The Reasons For and Against Joining Co-Working Space

The Reasons For and Against Joining Co-Working Space
Co-working offices are popping up across the globe, and they seem to have a high appeal in the eyes of modern businessmen. But are collaborative environment really all gains and no glitches? Despite the steady growth in popularity, collaborative environments do have a few hitches – but whether or not the perks of co-working shared outweigh its downsides of is solely up to you to decide. Here are some major advantages and shortcomings of collaborative workspaces to help you choose whether or not you’re going to jump on the co-working bandwagon.
Co-working perks
1. Cost-efficiency
Co-working membership fees are substantially lower than the costs of long-term private office lease and equipment procurement combined. Also, though most collaborative workplaces ask for monthly fees, some also offer the option for members to make day-to-day bookings in case they don’t want to use the space on a full-time basis.
2. Networking

Collaborative offices are an excellent place for entrepreneurs and freelancers to expand their professional contact list and find new clients. According to a 2015 survey conducted among collaborative office members, as many as 82% interviewees reported that co-working helped them grow their professional network, and 64% of the respondents said that network expansion through co-working turned into a very important (26%) or an important (38%) source of work.

3. Community spirit

The sense of community membership is a huge advantage of collaborative spaces over home offices. Being cooped up alone amidst silent walls during work hours can be pretty depressing, and it’s not conducive to long-term work enthusiasm, productivity, and creative flow.
4. Professional growth
More and more co-working offices are expanding their service offer to workshops and similar educational programs focusing on professional growth. This is extremely beneficial for young professionals: business sharks who want to bring peak profits home need to keep upgrading their skill set, and gatherings focusing on profitable business assets and market trends are an invaluable source of precious insights and community-based learning.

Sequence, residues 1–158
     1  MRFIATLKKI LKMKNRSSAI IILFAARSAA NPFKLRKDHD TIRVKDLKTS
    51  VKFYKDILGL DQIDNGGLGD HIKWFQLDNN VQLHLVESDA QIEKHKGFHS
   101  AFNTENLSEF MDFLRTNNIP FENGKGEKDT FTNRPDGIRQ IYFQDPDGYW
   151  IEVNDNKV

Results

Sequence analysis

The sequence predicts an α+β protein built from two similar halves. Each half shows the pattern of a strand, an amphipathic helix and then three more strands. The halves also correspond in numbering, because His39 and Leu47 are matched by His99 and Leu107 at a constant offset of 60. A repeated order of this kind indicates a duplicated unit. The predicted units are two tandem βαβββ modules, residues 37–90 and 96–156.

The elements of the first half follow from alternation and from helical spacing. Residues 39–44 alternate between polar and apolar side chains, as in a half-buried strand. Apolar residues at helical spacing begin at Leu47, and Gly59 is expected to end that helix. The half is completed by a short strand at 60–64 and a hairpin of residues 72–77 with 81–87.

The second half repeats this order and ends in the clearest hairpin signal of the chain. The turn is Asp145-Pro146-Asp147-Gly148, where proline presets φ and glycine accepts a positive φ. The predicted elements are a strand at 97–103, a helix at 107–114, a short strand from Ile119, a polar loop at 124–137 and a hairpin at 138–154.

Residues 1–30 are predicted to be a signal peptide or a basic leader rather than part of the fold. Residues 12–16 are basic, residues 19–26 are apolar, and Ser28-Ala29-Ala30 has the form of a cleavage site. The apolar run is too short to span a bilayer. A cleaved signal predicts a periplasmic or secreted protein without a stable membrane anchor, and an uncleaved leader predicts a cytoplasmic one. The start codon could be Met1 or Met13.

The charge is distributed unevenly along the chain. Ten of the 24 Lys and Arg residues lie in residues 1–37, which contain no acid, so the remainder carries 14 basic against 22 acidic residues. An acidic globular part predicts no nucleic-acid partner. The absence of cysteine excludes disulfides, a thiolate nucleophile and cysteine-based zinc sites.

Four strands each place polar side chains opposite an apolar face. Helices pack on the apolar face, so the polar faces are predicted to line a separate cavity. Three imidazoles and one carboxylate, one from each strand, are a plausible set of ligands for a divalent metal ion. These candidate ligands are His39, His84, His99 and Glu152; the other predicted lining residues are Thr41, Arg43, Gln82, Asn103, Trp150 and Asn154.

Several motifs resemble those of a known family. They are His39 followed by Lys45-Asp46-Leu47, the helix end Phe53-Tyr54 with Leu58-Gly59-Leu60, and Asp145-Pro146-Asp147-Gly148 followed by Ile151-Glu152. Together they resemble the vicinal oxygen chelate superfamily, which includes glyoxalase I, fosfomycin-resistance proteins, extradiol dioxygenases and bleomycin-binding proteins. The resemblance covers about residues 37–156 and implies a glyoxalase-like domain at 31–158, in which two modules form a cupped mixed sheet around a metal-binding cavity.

5. Business-grade equipment
For the cost of a monthly, weekly, or daily membership fee, co-working users get access to a professional-looking office with business-grade Wi-Fi, copiers, printers, kitchenettes, coffee makers, bike parks, vending machines, and ergonomic workstations. According to office furniture experts, comfort has become a crucial factor in purchase considerations among young professionals who often put in overtime hours. On top of that, many collaborative offices also let members book boardrooms and private suites for important meetings with clients and associates.
Cons of collaborative offices
1. Distractions
Although collaborative spaces are designed for work purposes, not all members use them accordingly. Audio distractions in the form of pumping bass in your neighbor’s headphones, subdued conversations, or a tad too loud hallway phone convos are a force to be reckoned with, especially if you aren’t hard of hearing.
2. Competition
Today’s business world is as competitive as it gets, and if you don’t actually relish the thought of sharing an office with a business rival, co-working may not exactly turn out to be your all-time favorite. Still, if you’re deft enough, you can turn this negative into a positive and ‘steal’ tricks from your competitors while keeping your own business cards to your chest.
3. Inter-personal problems
When sharing a workplace with other professionals, conflicts can arise now and again, either through misunderstanding, personal animosities, or lack of respect for privacy of other users during work hours. In case disputes occur, try to smooth them over in an honest exchange after hours – but if problems keep popping up, you may want to consider migrating to a home office or library.
4. Cost
Though less expensive than standard office lease, co-working membership fees can turn out to be a pretty steep price to pay for entrepreneurs with a less than stellar bottom line. Hopefully, the seat in a shared workplace will bring you new clients – but if you realize at some point that the investment has a lower return than you originally bargained for, it may be a financially wiser idea to move your line of business back to your home office.
Co-working is a perfect springboard for new business birds looking to climb up the trade ladder fast, pick up new skills, and expand their professional network – but if you’re not a huge fan of the negatives that go hand in hand with working among people, review your options twice before you take the collaborative leap. Good luck!